Missionary, founder of the Monastery of Säckingen, Baden (sixth century). In
accordance with a later tradition, St. Fridolin is venerated as the first Irish
missionary who laboured among the Alamanni on the Upper Rhine, in the time of
the Merovingians. The earliest documentary information we possess concerning him
is the biography written by Balther, a Säckingen monk, at the beginning of the
eleventh century (Mon. Germ. Hist.: Script. rer. Merov., III, 350-69). According
to this life, Fridolin (or Fridold) belonged to a noble family in Ireland
(Scottia inferior), and at first laboured as a missionary in his native land.
Afterwards crossing to France, he came to Poitiers, where in answer to a vision,
he sought out the relics of St. Hilarius, and built a church for their reception.
St. Hilarius subsequently appeared to him in a dream, and commanded him to
proceed to an island in the Rhine, in the territories of the Alamanni. In
obedience to this summons, Fridolin repaired to the
Emperor Clovis, who
granted him possession of the still unknown island, and thence proceeded through
Helion, Strasburg, and Coire, founding churches in every district in honour of
St. Hilarius. Reaching at last the island of Säckingen in the Rhine, he
recognized in it the island indicated in the dream, and prepared to build a
church there. The inhabitants of the banks of the Rhine, however, who used the
island as a pasturage for their cattle, mistook Fridolin for a cattle-robber and
expelled him. On his production of Clovis's deed of gift, he was allowed to
return, and to found a church and monastery on the island. He then resumed his
missionary labours, founded the Scottish monastery in Constance, and extended
his mission to Augsburg. He died on 6 March, and was buried at Säckingen. The
writer of this legend professes to have derived his information from a biography,
which he discovered in the cloister of Helera on the Moselle, also founded by
Fridolin, and which, being unable to copy from want of parchment and ink, he had
learned by heart.
This statement sounds very suspicious, and makes one conclude that Balther was compelled to rely on verbal tradition for the information recorded in his work. Not a single ancient author mentions Fridolin, the life has no proper historical chronological arrangement, and the enumeration of so many wonders and visions awakens distrust. Consequently, most modern historians justly reject the life as unauthentic, and as having no historical foundation for the facts recorded, while the older historians believed that it contained a germ of truth. In the early Middle Ages, there was certainly some connection between Säckingen and Poitiers, from which the former monastery received its relics, and this fact may have made the author connect Fridolin with the veneration of St. Hilarius of Poitiers, and the churches erected in his honour. The only portion of the life that can be regarded as historically tenable, is that Fridolin was an Irish missionary, who preached the Christian religion in Gaul, and founded a monastery on the island of Säckingen in the Rhine. Concerning the date of these occurrences, we have no exact information. The monastery, however, was of great importance in the ninth century, since the earliest extant document concerning it states that on 10 February, 878, Charles the Fat presented to his wife Richardis the Monasteries of Säckingen, of St. Felix and of Regula in Zurich.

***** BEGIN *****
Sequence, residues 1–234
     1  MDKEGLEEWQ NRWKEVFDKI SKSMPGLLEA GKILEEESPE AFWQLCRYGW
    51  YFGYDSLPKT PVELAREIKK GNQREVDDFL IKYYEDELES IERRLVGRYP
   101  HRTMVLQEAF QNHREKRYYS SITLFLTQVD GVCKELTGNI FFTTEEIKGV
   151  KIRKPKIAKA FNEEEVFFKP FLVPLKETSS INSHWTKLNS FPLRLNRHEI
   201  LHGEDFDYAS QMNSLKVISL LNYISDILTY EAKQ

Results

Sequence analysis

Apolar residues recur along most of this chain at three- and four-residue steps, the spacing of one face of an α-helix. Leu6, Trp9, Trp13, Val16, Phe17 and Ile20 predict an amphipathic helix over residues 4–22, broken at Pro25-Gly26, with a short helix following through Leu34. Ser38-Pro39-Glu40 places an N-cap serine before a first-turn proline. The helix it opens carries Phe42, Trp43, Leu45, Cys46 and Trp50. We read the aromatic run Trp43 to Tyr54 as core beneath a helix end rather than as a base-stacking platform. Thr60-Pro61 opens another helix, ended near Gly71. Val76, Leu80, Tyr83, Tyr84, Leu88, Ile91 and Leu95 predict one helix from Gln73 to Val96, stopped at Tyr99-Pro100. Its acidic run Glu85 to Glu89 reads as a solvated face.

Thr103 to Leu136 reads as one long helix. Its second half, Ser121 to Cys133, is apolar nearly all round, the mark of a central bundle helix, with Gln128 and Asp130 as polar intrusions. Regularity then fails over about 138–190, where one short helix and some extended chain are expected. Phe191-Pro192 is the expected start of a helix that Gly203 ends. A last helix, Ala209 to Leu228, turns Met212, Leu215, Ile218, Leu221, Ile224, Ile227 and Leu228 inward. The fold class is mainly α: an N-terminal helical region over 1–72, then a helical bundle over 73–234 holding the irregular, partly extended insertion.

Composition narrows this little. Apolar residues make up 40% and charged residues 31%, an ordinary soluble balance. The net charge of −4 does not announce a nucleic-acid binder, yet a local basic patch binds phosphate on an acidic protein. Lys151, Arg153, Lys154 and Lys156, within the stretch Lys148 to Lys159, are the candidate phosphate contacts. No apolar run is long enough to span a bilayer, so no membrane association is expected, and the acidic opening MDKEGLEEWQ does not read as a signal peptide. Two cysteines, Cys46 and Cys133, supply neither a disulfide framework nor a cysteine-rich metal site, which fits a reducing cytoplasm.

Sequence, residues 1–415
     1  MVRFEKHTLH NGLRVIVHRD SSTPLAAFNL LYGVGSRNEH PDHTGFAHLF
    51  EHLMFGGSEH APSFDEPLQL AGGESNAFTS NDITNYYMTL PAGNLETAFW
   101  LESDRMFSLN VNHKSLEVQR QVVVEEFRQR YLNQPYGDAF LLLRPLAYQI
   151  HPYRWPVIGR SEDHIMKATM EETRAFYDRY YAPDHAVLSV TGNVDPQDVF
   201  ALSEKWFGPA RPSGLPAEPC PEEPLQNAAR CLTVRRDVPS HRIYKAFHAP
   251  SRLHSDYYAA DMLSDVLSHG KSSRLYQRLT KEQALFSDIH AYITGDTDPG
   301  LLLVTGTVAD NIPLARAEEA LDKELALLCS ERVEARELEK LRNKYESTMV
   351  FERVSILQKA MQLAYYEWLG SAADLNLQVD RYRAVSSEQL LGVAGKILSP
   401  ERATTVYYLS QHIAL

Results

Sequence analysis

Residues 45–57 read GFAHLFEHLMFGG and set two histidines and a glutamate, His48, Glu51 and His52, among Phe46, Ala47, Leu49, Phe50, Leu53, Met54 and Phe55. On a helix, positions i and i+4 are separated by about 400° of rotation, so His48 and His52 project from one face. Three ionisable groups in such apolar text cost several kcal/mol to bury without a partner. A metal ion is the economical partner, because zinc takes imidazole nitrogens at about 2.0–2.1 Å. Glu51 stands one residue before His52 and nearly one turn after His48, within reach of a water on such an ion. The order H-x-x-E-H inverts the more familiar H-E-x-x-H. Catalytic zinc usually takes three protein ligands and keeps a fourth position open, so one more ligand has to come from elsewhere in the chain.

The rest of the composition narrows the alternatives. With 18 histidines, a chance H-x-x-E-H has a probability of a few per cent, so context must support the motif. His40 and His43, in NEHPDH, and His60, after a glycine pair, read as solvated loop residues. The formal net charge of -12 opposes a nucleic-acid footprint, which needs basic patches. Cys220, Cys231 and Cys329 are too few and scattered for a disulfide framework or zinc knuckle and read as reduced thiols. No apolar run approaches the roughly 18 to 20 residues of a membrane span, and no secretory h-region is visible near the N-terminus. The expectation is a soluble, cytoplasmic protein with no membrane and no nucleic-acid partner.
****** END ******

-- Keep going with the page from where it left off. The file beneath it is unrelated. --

Vita Fridolini, auctore Balthero monacho, in the following
works: COLGAN, Acta Sanct. Hiberniæ (Louvain, 1645), I, 481 sq.; MONE,
Quellensammlung der badischen Landesgeschichte (Karlsruhe, 1845), I; ed. KRUSCH
in Mon. Hist., Script. Rer. Merowing., III, 351-69; Acta SS., March, I, 433-441.
POTTHAST, Bibliotheca historica medii ævi (Berlin, 1896), II, 1322-23; Bibliotheca hagiographica latina, ed. BOLLANDISTS, I, 478; WATTENBACH, Deutschlands Geschichtsquellen, I (7th ed., Berlin, 1904) 155; HEFELE, Geschichte der Einführung des Christenthums im südwestl. Deutschland (Tübingen, 1837); LÜTOLF, Die Glaubensboten der Schweiz vor St. Gallus (Lucerne, 1871), 267 sqq.; LEO, Der hl. Fridolin (Freiburg im Br., 1886); HEER, St. Fridolin, der Apostel Alemanniens (Zürich, 1889); VON KNONAU, Nochmals die Frage St. Fridolin in Anzeiger für Schweizergesch. (1889), 377-81; SCHULTE, Beiträge zur Kritik der Vita Fridolini, Jahrbuch für Schweizergesch., XVIII (1893), 134-152.
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